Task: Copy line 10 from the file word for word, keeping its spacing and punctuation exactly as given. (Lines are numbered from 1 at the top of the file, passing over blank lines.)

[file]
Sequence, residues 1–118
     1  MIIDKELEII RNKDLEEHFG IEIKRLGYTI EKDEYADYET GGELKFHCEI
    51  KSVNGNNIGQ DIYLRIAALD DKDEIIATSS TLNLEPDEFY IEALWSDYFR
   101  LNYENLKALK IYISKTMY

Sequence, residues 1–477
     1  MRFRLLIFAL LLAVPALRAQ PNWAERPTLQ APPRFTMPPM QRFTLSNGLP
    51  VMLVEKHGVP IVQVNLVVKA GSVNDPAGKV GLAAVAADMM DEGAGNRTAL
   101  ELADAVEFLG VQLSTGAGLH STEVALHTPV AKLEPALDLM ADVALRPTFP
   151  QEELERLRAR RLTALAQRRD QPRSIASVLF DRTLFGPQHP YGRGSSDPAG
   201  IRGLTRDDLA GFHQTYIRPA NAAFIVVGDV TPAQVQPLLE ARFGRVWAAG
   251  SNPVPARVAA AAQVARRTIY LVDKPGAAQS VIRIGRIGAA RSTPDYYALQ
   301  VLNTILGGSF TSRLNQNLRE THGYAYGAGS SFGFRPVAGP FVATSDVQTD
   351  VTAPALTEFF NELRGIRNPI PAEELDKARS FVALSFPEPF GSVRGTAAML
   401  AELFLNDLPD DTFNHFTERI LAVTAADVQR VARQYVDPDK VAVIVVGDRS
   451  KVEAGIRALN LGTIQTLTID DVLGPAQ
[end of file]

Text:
   201  IRGLTRDDLA GFHQTYIRPA NAAFIVVGDV TPAQVQPLLE ARFGRVWAAG